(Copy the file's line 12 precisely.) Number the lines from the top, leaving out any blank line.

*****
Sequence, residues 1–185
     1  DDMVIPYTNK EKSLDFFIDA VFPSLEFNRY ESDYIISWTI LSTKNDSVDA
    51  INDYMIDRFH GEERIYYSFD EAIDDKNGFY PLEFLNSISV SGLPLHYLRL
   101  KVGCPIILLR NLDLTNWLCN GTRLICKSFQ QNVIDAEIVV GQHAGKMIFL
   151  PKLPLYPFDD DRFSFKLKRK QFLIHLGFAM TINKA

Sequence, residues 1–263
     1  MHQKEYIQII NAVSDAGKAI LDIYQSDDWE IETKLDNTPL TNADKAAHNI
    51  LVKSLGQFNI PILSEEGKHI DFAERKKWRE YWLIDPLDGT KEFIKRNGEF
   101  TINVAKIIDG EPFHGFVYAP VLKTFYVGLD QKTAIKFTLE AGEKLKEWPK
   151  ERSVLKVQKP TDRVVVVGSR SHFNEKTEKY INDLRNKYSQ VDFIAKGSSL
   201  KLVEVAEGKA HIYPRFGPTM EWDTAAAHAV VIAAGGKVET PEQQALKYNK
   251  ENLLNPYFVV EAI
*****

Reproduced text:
   251  ENLLNPYFVV EAI